Let’s say you purchase a bag of potato chips which have around 100 chips in the bag. You try the first 8 chips as a sample. Out of the eight, 5 of the 8 tasted bad and the other 3 were just okay. Does that mean the whole bag of chips is bad based on 5 bad chips out of a sample of 8? Should you throw the bag of chips away?

The answer is unknown until all the 100 chips in the bag were observed. The whole bag of chips may be bad or good. But based on the sample of 8, it is likely that the bag of chips is more bad than good. If you had tried 24 chips (3 times 8) and 15 of them were bad and 9 were just okay, there is a higher likelihood that the bag of chips is bad and you may want to throw that bag away.

Note that because you did not try all 100 chips in that bag, it is uncertain whether or not how many bad chips there were.

Statistics in News

I usually watch the news with the family around dinner to eat and converse about daily world news and such. From time to time you get economics news with headlines such as “Ten percent of Canadians make less than $24 000 CDN a year!”. I hate these type of headlines. Why?

I dislike when media treat statements like the above as fact without mentioning sample sizes or how many people surveyed. It is statements like the above which support Mark Twain’s “Lies, damned lies, and statistics” quote. It is misleading and may not be true.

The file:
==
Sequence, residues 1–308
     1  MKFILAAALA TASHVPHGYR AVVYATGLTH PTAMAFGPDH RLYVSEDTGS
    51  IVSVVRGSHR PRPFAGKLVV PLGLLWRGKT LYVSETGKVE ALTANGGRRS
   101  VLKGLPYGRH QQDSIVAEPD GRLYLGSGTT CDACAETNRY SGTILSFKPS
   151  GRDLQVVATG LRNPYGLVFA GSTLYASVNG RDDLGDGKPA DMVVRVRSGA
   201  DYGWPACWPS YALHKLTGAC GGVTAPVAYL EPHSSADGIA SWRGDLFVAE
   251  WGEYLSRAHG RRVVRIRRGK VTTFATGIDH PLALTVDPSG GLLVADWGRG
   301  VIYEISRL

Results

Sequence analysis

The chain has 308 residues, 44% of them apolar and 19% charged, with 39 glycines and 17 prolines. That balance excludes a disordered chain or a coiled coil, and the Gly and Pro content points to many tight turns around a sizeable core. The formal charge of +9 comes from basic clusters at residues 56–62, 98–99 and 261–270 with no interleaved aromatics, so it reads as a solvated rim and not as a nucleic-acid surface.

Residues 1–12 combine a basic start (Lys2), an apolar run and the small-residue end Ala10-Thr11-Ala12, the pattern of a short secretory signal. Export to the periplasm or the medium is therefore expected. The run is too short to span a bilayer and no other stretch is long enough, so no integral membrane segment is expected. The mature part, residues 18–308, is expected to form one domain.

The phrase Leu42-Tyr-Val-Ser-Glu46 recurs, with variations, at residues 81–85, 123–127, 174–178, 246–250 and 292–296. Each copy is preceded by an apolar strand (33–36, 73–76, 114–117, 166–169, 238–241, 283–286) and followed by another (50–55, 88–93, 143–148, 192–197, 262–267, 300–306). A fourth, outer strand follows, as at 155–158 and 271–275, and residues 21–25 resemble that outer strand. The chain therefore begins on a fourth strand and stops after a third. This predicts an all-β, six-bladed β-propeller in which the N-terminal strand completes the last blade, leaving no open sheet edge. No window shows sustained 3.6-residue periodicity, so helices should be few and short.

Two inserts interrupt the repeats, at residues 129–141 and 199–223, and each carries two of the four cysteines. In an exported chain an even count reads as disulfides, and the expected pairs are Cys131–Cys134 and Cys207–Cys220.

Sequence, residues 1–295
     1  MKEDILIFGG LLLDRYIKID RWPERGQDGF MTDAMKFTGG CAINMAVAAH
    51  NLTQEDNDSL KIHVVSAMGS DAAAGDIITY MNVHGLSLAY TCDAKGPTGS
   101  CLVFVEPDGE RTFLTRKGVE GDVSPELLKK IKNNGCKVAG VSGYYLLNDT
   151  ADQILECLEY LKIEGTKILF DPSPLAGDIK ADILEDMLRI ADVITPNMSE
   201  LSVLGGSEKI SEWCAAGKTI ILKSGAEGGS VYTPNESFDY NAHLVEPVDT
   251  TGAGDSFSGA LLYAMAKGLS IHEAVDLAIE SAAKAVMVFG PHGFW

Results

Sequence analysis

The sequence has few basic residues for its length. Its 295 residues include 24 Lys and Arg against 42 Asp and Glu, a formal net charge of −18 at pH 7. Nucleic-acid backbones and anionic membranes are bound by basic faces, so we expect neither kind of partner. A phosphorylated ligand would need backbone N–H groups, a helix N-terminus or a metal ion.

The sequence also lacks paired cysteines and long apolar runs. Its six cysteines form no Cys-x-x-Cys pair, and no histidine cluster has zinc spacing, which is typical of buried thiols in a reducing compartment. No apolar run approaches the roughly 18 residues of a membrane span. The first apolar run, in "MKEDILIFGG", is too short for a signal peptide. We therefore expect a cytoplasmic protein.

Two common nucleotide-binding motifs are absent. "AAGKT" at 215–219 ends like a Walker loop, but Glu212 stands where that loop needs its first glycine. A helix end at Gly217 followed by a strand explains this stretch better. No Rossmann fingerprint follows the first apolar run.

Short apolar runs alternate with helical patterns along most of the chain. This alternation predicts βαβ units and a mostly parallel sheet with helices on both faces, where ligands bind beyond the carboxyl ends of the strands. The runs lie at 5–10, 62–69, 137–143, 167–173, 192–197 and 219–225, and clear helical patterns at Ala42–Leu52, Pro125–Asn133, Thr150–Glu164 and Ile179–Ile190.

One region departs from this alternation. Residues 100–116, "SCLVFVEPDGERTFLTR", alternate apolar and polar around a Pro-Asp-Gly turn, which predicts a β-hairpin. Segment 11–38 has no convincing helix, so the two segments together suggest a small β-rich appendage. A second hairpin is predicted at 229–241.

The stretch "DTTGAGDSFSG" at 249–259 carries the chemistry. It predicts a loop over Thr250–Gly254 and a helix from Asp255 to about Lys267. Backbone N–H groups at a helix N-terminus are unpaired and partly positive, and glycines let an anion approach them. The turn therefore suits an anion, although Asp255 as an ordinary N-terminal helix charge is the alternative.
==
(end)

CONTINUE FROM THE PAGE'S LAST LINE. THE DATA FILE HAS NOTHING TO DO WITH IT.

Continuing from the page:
If the headline had “Based on a poll of 1000 Canadians, ten percent make less than $24 000 CDN a year.”, it seems to be a bit more honest. However, the sample size of 1000 Canadians is way less than the population of Canada which is at least 30 million. In addition, it is not known where these 1000 Canadians come from in terms of provinces and/or cities. They can be from Toronto, Montreal, Vancouver, Halifax, Alberta, etc. The survey method may not be specified.

A Political Poll Example

I dislike how polls are used in political campaigns. There is too much importance on them and the sample sizes are hard to see on TV since they are in small print and they are usually around in the few thousands which is way less than a country population (in Canada/USA for example).

The news would say candidate A is in the lead by 37% and candidate B% is in second with 28% and sometimes conclude that candidate A is winning or (worse yet in my opinion) candidate A will win the election based on a small sample size.

The candidate that wins the election is the one that wins the election when thousands or millions of votes are brought in, not the one who wins polls. Polls give a (very) small idea of who is “winning” or has “momentum” and are not prefect predictors for future events.

Closing Thoughts

  • Be aware of partial and incomplete information.
  • One must be careful in making judgments given limited data (small sample).
  • The sample size matters. A larger sample size gives you a better idea about the sample and the population.
  • There are times when you do not have the full truth but only a part of it.